Raman spectroscopy exploits the weak inelastic scattering of laser light to provide information about the constituents of a sample. Stone, Professor of Biomedical Imaging and Biosensing at the UK's University of Exeter, explained that his motivation was the development of a real-time, non-invasive diagnostic technique for early cancer detection. "If we can catch disease early, by seeing early cellular changes, there's a good chance of successful treatment," he said.

In the UK, for example, around one million adults have a condition called Barrett’s oesophagus, in which structural changes in oesophageal cells increase the risk of oesophageal cancer. Assessing whether the altered cells exhibit high-grade or low-grade dysplasia would enable early treatment of high-grade cases.

Taking physical biopsies of the oesophagus, however, only samples about 0.5% of the total surface volume, resulting in a low chance of finding early cellular changes. Optical biopsies, using Raman spectroscopy, for example, may be able to instantly differentiate normal and dysplastic muscosa, without the need for histopathology.

Stone pointed out that Raman spectroscopy has already been used to characterize many cells and tissue types. He described a study in which Raman was employed to classify eight oesophageal tissue types, using multivariate statistical analysis to create a diagnostic model from the spectra. The model correctly classified 93% of samples.

In a kappa comparison of the diagnostic performance of the Raman model and an independent pathologist versus a consensus pathology panel, the Raman model scored κ=0.84, while the pathologist scored κ=0.76 (where κ=1 indicates perfect agreement). "We wanted to show that the technique is capable of achieving a performance level that agrees with a consensus pathology panel," said Stone. "We can reproduce pathologists’ results, but 24 hours a day."

Probe approaches

Raman spectroscopy is undeniably of great value as an ex vivo "pathology tool" – but it's also possible to extend the technique to in vivo diagnostics. In fact, Raman can be employed anywhere that light can be delivered into the body. Stone told the attendees about some approaches currently under development.

He first described a miniature fibre-optic Raman probe that fits within the instrument channel of a standard medical endoscope. The necessary filters, collimating lenses and objective lens are built into the tip of the probe. And as the depth at which spectra are measured is key, the probe uses confocal imaging to target only the top 100–200 µm of tissue. Although confocal sampling increases data noise, the probe could still accurately differentiate benign, Barrett's and neoplastic oesophageal tissue samples.

Following on from the endoscopic approach, Stone and collaborator John Day from the University of Bristol developed a Raman needle probe, described as "an intelligent optical biopsy at the tip of a needle". Here, a miniature fibre-optic probe is incorporated into a standard hypodermic needle, with the lenses and filters located in the syringe plunger. A feasibility study on head-and-neck lymph glands showed that the needle probe could distinguish bone, fat and muscle in 10 s, and could detect differences between metastatic and benign lymph nodes. A three-year study of this approach is currently underway.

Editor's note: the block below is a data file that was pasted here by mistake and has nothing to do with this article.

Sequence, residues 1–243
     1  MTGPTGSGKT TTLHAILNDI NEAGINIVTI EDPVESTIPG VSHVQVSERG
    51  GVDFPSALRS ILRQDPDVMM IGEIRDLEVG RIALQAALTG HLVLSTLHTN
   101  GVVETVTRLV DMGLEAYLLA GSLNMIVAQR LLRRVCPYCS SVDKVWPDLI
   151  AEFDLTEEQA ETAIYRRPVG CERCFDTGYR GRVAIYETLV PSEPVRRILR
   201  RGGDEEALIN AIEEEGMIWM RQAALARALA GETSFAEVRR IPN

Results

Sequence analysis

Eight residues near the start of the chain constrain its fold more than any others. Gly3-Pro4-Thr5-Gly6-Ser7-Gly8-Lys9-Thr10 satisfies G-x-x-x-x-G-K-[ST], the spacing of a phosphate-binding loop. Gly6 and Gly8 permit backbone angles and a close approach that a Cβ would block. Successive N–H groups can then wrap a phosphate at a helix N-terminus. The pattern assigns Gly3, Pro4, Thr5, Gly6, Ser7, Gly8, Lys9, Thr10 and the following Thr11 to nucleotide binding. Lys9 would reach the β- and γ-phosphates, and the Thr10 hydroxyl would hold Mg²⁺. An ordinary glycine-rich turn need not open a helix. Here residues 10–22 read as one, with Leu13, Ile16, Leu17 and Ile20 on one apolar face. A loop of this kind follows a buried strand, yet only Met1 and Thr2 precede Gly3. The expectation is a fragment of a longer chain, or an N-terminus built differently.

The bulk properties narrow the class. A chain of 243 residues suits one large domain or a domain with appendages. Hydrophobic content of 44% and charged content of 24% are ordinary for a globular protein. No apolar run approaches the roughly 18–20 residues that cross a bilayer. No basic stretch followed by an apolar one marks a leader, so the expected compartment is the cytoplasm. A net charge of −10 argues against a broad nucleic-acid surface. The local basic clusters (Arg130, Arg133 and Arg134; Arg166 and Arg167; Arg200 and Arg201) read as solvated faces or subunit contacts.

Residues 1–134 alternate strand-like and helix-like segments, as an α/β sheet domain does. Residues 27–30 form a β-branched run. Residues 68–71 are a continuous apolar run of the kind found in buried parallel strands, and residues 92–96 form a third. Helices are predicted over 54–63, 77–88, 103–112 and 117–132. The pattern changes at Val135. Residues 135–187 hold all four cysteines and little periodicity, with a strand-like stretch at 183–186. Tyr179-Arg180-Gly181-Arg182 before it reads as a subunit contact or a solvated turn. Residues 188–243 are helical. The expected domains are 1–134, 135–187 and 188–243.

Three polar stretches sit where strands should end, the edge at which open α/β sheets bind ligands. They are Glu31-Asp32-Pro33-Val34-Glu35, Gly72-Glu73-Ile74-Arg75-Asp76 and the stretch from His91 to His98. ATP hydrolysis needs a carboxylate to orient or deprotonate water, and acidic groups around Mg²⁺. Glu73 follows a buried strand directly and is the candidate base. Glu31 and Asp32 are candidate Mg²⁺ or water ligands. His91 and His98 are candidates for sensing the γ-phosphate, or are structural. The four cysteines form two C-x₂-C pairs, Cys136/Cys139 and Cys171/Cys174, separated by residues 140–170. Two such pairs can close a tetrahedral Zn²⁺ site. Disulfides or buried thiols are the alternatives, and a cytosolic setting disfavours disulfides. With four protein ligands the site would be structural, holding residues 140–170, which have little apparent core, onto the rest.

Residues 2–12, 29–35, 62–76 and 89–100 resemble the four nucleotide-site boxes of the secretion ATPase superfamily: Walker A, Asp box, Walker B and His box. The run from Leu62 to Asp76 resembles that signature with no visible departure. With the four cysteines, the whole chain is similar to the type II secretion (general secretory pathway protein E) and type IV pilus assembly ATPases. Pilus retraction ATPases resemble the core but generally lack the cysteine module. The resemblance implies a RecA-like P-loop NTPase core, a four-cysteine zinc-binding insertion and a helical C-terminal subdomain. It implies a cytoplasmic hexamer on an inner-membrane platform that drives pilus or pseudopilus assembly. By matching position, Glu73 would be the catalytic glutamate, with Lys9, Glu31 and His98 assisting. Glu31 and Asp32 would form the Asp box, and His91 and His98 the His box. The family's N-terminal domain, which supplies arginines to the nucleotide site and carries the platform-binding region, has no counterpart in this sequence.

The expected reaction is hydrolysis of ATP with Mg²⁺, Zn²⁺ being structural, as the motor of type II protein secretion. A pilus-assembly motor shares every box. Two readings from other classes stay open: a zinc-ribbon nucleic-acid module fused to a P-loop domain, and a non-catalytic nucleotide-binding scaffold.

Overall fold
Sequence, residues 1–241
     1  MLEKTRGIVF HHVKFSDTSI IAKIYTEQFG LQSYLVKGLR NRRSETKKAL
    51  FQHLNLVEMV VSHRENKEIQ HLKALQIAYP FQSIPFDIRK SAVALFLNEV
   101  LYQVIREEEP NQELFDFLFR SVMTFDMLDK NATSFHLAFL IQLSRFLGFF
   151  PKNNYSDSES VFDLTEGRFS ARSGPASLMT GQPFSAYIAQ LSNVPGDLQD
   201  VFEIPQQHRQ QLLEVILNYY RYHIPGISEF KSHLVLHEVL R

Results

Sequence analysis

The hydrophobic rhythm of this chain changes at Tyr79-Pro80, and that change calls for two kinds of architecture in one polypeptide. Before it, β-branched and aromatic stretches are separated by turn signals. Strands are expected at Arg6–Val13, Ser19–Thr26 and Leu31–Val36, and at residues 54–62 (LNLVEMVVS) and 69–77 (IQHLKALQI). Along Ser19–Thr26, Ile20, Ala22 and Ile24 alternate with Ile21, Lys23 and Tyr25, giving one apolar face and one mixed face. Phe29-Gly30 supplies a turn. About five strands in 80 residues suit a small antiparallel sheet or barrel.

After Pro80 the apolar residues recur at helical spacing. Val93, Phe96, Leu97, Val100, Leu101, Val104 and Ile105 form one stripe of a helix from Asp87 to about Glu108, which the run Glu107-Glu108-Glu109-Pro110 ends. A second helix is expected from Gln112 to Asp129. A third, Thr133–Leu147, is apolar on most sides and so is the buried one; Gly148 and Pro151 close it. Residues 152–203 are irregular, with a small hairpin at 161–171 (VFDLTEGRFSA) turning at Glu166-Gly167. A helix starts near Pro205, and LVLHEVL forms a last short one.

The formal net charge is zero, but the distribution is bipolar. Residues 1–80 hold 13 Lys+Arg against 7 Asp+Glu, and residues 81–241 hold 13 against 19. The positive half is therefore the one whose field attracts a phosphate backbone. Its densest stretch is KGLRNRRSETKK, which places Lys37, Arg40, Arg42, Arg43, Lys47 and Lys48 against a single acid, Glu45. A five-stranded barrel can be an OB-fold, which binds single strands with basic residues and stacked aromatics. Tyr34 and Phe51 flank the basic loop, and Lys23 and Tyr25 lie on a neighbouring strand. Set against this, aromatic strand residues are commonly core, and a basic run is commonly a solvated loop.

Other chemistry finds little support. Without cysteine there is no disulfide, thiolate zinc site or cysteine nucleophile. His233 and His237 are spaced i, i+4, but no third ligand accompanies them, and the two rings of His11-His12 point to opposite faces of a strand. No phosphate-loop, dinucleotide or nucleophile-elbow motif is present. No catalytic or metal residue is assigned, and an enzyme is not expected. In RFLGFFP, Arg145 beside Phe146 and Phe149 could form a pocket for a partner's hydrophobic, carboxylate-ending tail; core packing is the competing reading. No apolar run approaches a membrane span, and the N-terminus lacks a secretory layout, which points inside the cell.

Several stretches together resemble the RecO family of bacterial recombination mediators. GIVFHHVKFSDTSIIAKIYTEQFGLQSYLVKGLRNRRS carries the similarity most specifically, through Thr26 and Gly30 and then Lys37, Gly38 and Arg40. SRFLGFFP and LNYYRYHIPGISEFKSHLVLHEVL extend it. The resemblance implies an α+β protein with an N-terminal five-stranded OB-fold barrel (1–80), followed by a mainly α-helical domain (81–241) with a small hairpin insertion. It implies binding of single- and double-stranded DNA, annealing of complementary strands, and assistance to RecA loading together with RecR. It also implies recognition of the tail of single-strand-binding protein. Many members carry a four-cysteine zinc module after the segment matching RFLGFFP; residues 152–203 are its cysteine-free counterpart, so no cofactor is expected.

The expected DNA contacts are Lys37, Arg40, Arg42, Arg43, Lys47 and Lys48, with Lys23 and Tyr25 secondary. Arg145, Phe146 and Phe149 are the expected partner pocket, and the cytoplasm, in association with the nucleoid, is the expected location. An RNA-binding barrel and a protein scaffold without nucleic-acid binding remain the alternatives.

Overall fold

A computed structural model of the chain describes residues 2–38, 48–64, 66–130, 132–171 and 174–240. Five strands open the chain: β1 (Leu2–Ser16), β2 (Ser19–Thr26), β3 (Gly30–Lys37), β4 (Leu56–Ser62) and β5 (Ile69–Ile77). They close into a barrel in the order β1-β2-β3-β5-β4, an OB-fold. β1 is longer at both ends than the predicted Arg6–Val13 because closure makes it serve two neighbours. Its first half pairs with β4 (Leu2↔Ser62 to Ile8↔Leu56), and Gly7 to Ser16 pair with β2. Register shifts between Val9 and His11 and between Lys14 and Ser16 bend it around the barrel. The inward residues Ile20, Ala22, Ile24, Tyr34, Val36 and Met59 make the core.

Deep Raman

Further from clinical use, but holding the promise of non-invasive imaging at depth, Stone described the idea of "deep Raman". One approach is spatially offset Raman spectroscopy (SORS), in which sampling depth is increased by acquiring spectra from regions spatially offset (by a few millimetres) from the beam excitation point. This geometry enables measurements at depths of up to several millimetres, one to two orders of magnitude deeper than is possible with conventional surface Raman techniques.

Stone and colleagues, including Pavel Matousek from the Rutherford Appleton laboratory, are investigating this approach for early diagnosis of breast cancer, by examining calcifications within breast tissue. Calcifications, which are detectable using mammography, can be indicative of breast cancer – but are also seen in benign conditions. Studies on calcifications in breast biopsy samples revealed a distinct relationship between cancer grade and percentage carbonate content, suggesting that Raman spectroscopy could be used to determine disease status by assessing the calcification.

Stone’s team demonstrated that SORS can distinguish different calcification types within tissue at up to 10 mm deep. They then adapted the SORS approach to enable transmission Raman spectroscopy, in which the excitation laser beam and Raman collection zone are separated to the extreme, on opposite sides of the sample.

Early studies in a breast phantom showed that transmission Raman could detect and identify the composition of calcified materials at a depth of 27 mm within porcine tissue. This technique is now the focus of a large study, and Stone believes that eventually it should be capable of sampling tissue thicknesses of 5–6 cm, suitable for breast imaging in a typical mammographic geometry.

Further into the future, he postulated, it may be possible to increase the sampling depth further by combining SORS with surface-enhanced Raman spectroscopy. This method, called SESORS, uses nanoparticles – which could be labelled with cancer-targeting antibodies – to enhance the Raman signal. "Another bonus is that if you are putting gold nanoparticles into patients, you can also use them to treat the tumour, using heating effects," Stone added.

He concluded that optical techniques such as Raman show great promise for diagnostic applications, as well as lending insight into the mechanisms of carcinogenesis. Ultimately, a mixed approach may prove optimal, with combinations of imaging techniques tailored for specific applications.

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